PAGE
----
Review: Cutwater Spirits Black Skimmer Bourbon and Devil’s Share Single Malt Whiskey
You’ll find Cutwater Spirits in San Diego, California, a town better known for cold beer than craft whiskey. If the name sounds unfamiliar, that’s because it was a spinoff of Ballast Point Brewing. Now an independent entity (with a new name), the company has been busy turning out everything from vodka to gin to canned cocktails to these craft whiskeys.
We’ll be revisiting Cutwater more in the future, but for now, let’s take a look at its two flagship whiskeys. Thoughts follow.
Cutwater Spirits Black Skimmer Bourbon – Cutwater’s bourbon is a “blend of straight bourbon whiskeys” produced “in concert with some of our favorite whiskey distillers.” In other words, this is a NAS bourbon that is made with some of Cutwater’s own production and some bourbon sourced from other distilleries, though the identity of those distilleries and the proportions of the blend are a mystery. Either way it’s a fairly youthful mix, the nose featuring lots of lumberyard notes and a moderately smoky quality reminiscent of tobacco and smoked meats. There’s a modest paint thinner element here as well. On the palate, the bourbon shows off cloves and bacon, plus some camphor, but tons of wood remains on the tongue, creating a rather drying body. The finish finds sweetness emerging rather late in the game, a caramel and vanilla grace note that eventually soothes a whiskey that can initially be a bit on the tough side. Interesting on the whole, though not a game-changer. 90 proof. B+ / $55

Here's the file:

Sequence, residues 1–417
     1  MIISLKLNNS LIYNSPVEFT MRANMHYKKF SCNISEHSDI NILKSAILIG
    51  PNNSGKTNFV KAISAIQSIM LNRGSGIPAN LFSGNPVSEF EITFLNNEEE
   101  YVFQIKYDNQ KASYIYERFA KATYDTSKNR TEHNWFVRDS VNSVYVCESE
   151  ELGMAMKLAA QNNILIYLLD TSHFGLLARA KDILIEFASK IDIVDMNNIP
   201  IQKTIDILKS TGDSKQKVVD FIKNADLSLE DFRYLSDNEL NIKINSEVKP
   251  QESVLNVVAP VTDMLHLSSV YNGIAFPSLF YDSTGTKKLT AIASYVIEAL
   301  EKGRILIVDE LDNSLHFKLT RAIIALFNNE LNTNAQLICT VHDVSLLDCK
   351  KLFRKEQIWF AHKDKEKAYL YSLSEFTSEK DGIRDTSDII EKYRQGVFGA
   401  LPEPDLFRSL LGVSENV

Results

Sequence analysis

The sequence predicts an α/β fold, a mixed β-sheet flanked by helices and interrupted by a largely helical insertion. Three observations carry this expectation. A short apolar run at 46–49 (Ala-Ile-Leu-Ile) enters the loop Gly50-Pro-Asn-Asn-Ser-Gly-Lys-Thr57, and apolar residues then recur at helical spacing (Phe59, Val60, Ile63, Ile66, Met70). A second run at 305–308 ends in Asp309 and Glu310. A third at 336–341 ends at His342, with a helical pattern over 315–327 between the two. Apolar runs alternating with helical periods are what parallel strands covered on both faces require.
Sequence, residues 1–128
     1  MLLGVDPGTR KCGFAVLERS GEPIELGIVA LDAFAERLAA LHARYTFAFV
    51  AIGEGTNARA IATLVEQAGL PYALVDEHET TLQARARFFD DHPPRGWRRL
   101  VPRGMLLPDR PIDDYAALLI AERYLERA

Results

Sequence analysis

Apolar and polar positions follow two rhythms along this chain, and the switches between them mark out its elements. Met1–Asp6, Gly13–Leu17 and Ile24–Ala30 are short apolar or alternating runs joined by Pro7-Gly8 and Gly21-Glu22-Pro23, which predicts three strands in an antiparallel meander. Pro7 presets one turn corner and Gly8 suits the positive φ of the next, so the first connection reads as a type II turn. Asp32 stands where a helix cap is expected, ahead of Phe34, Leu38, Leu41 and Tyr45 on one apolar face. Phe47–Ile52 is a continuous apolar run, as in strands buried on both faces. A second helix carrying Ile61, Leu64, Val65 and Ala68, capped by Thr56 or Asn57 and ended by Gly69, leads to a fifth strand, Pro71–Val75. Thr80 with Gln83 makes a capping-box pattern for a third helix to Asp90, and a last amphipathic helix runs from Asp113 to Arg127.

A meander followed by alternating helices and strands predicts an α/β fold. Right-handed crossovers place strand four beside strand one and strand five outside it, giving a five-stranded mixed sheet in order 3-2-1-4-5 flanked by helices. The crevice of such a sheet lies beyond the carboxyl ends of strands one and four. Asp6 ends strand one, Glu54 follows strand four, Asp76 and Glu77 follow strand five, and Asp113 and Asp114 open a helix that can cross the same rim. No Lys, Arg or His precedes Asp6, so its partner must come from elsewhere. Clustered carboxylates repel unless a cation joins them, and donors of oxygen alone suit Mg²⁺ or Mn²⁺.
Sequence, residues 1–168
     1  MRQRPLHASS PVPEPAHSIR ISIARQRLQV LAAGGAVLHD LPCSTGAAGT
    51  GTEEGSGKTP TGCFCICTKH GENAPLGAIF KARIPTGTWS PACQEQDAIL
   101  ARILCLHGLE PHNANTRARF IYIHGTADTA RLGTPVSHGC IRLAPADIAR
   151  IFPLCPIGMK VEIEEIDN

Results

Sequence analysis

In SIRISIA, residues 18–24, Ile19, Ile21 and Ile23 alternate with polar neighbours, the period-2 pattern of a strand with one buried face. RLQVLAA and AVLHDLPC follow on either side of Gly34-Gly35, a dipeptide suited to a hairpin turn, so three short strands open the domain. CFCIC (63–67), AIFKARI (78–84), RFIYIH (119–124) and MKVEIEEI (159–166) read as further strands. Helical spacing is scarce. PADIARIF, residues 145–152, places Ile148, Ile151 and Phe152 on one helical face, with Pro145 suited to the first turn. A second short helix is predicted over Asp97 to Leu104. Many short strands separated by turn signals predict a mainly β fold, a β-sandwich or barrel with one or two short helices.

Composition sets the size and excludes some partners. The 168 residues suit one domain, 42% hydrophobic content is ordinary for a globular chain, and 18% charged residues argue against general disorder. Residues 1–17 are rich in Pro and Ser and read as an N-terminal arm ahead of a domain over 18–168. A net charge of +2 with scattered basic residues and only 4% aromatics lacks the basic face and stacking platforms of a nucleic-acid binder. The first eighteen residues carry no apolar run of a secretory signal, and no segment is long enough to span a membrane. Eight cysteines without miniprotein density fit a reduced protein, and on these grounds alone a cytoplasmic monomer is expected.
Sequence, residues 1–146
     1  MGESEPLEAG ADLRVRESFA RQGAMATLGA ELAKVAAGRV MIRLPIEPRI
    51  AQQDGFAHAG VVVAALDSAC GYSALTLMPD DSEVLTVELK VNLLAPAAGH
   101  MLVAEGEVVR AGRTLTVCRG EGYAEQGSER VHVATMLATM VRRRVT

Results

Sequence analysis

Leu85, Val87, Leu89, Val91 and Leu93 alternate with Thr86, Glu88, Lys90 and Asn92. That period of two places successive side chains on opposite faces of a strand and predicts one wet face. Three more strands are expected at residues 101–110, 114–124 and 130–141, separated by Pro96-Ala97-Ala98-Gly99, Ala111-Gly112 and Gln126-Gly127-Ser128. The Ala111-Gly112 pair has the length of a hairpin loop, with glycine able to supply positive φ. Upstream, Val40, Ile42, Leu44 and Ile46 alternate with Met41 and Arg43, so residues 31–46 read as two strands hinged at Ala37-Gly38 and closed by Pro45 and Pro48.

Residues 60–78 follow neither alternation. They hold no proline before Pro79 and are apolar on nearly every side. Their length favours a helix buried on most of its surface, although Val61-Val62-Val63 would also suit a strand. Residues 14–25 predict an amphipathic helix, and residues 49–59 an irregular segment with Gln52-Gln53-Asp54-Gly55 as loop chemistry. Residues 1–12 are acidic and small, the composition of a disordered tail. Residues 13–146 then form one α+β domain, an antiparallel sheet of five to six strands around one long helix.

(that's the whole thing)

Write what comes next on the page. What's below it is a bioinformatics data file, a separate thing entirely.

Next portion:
Cutwater Spirits Devil’s Share Single Malt Whiskey 4 Years Old – 100% brewer’s malt, mashed and distilled in a Vendome column still, then aged in a new, heavy-char oak barrel for four years. That sounds like a recipe for trouble — malt barley and new oak aren’t happy bedfellows — but Devil’s Share does a credible job with the combo. The nose is burly with wood, all but masking the delicacy of the malt underneath. Give it time and aromas of cinnamon rolls and lemon oil percolate up, though they’re overwhelmed by a heavy, encompassing ethanol heat. The palate finds better grounding, with a surprisingly sweet attack that folds in a significant spice character, plus notes of sandalwood, butterscotch, and red pepper. There’s a real wood influence here, but I can’t quite decide if there’s too much of it, or not enough. I’d lean toward a lighter char in any case… or perhaps a nice wine barrel to finish things off? Surprisingly thought-provoking and engaging, though it’ll cost you a pretty penny. 92 proof. Reviewed: Batch #03. A- / $120